This I believe is incorrect. When I 1st got my compressor I inquired about an inline CO detector and was told there is no such thing. So don't depend on that it may not happen. A fill station operator would need to check each tank after it was filled for CO the way they check for nitrox% post fill. I've never seen any fill station operator do that.

    Also don't forget the deeper you go the more the PP of N increases which starts to dull our senses below 50 -60FSW so it's not the same as on land other factors besides CO are working against the diver breathing CO contaminated air.
    DandyDon likes this.
  10. BoltSnap

    BoltSnap Dive Charter

    # of Dives: I'm a Fish!
    Location: Nomad

    This is inaccurate and very misleading. The average person who is suffering from CO poisoning doesn't know anything about it and doesn't know that the "symptoms" he "maybe" going through are indications of CO poisoning for him to take corrective action. Most likely the person will just "fall asleep" and never to wake up again (on land). All symptoms, if any, will be ignored. One recent tragedy here in Libya was the death of a whole family of 7 people due to CO poisoning coming from a power generator. The family, five kids including a new born and the parents, were in their living room all together watching TV with the mother breastfeeding her baby. They ALL went to sleep watching TV not to wake up again. The baby was found attached to his mother in "breastfeeding" position dead with his mother. This scenario happens often in similar circumstances. Underwater it is far worse and the lights just go off.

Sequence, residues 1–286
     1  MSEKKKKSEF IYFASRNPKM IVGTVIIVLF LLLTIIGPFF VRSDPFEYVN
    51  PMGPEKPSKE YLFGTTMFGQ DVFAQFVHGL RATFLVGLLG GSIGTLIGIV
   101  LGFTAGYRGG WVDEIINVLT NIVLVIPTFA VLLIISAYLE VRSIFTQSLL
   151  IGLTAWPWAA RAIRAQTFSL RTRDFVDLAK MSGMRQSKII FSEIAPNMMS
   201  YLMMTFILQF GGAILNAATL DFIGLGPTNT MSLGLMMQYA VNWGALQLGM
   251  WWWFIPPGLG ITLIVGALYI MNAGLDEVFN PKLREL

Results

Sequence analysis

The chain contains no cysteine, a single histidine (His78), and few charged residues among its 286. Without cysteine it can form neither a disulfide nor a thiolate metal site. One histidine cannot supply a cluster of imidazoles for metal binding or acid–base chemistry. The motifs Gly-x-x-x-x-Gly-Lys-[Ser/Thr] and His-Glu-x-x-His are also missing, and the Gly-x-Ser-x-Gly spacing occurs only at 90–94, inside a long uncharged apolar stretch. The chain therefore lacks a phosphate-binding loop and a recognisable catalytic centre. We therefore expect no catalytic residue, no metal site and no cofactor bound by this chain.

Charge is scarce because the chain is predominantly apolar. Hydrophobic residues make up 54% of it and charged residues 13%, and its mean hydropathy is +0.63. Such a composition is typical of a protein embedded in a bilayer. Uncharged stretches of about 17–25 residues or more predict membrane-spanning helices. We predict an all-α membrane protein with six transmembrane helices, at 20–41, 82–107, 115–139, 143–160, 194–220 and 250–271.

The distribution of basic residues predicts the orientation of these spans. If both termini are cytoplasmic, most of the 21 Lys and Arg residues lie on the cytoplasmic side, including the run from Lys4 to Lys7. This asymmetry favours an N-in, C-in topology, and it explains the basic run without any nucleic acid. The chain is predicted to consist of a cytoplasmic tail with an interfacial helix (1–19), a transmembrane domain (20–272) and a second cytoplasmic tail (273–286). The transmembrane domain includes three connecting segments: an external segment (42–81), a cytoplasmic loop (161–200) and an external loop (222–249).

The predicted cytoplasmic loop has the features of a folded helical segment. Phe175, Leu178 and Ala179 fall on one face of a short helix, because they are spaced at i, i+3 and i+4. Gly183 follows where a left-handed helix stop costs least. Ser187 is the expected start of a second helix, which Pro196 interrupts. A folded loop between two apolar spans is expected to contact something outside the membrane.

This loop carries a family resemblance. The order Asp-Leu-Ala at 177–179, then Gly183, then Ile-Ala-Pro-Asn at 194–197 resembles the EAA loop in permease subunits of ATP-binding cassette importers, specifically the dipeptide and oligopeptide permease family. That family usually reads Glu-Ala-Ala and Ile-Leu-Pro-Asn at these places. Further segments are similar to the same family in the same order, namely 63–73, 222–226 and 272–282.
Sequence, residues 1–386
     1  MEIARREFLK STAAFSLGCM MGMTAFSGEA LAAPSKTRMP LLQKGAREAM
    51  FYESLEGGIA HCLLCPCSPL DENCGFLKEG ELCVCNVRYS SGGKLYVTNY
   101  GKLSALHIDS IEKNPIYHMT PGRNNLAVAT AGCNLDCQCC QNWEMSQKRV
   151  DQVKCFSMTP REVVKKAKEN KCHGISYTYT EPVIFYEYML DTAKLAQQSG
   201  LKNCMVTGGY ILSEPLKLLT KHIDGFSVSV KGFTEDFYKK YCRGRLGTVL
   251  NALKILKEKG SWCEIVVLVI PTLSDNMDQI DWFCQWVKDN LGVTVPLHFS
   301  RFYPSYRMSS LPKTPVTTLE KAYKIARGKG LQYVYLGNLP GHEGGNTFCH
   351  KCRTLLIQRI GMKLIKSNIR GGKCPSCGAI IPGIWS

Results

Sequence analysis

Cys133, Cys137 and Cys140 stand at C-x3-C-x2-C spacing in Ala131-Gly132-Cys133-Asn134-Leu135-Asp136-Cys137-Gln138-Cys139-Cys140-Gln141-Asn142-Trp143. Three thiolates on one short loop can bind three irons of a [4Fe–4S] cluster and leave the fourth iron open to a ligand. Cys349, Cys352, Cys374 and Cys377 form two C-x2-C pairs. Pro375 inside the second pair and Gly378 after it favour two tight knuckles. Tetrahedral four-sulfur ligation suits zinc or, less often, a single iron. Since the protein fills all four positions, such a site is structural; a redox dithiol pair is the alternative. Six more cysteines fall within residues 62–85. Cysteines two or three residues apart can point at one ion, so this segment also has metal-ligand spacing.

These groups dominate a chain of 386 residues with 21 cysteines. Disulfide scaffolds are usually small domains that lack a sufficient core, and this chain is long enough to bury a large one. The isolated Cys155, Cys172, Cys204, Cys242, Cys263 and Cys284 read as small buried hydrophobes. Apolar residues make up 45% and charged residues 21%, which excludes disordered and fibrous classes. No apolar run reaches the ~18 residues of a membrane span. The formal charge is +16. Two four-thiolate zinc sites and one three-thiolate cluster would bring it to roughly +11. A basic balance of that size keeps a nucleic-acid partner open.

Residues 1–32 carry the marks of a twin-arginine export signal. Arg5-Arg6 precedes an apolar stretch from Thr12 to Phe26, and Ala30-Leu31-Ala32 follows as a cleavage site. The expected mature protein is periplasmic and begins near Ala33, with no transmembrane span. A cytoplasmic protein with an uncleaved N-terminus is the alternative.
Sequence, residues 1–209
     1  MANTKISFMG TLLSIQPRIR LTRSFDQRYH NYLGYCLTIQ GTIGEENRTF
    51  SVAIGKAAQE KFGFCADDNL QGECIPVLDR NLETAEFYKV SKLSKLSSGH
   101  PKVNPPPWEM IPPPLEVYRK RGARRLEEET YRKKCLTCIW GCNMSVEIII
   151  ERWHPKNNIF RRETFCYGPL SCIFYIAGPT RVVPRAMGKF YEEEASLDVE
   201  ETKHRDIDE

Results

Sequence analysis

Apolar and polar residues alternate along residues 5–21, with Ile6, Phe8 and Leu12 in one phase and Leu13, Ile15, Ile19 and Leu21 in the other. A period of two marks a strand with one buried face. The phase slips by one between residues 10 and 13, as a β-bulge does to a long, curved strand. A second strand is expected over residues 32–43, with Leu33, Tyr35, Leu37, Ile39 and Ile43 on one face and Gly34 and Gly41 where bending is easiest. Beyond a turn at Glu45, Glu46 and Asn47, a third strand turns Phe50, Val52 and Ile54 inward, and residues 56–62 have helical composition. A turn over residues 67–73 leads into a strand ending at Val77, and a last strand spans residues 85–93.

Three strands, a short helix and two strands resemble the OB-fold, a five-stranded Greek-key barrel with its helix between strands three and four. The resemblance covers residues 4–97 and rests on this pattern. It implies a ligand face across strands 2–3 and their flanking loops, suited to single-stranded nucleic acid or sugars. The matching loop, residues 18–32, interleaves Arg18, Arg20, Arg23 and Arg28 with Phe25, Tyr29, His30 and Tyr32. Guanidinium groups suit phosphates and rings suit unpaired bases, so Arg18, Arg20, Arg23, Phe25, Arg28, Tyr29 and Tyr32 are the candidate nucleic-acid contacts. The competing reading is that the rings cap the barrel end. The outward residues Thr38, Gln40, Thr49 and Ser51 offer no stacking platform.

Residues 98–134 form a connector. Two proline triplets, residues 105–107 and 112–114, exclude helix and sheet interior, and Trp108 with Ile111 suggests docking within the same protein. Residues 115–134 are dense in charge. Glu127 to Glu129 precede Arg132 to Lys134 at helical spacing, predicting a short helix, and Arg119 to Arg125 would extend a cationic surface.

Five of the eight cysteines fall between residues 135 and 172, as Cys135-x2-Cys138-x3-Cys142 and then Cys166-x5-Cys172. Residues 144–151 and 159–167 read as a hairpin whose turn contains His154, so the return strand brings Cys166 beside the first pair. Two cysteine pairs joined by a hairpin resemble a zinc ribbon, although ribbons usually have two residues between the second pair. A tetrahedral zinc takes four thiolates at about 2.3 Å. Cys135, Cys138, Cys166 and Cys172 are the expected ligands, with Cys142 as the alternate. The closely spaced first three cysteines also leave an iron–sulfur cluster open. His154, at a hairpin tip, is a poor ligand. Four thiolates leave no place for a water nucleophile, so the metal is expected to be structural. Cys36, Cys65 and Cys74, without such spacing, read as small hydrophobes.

You may have some resistance and experience with it due to your work and know when to leave before you fall asleep just like some folks who survived it because they had the foresight to crawl to open a door or window to take fresh air in before they "fell asleep." In similar scenarios some people survived while others in the same house perished because it was too late for them.
    Raphus, AfterDark and DandyDon like this.